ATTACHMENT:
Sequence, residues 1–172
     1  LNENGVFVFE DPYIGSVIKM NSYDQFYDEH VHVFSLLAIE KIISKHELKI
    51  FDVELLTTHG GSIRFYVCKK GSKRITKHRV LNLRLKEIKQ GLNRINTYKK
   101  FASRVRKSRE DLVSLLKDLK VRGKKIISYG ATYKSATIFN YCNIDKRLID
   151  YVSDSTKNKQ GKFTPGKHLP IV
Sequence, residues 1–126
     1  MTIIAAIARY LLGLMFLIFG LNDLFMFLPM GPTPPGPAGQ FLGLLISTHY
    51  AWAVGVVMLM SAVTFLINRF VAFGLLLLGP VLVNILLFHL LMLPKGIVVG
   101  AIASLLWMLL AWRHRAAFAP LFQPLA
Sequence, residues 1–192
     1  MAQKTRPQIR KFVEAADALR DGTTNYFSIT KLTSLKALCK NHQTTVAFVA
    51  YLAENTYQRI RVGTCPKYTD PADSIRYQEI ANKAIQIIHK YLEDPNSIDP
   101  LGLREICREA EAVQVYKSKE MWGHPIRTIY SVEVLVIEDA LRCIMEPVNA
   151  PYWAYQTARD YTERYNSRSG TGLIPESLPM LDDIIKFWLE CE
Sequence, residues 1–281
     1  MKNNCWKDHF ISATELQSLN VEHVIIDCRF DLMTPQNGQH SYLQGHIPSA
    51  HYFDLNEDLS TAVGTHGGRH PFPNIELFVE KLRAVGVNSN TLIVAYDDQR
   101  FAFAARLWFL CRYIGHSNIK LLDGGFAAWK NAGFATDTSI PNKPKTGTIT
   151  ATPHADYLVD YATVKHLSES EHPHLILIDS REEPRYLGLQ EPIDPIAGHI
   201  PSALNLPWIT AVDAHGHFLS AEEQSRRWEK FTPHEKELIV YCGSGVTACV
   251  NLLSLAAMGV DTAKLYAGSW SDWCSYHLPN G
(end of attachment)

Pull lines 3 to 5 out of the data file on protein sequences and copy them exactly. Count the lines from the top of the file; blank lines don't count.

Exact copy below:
    51  FDVELLTTHG GSIRFYVCKK GSKRITKHRV LNLRLKEIKQ GLNRINTYKK
   101  FASRVRKSRE DLVSLLKDLK VRGKKIISYG ATYKSATIFN YCNIDKRLID
   151  YVSDSTKNKQ GKFTPGKHLP IV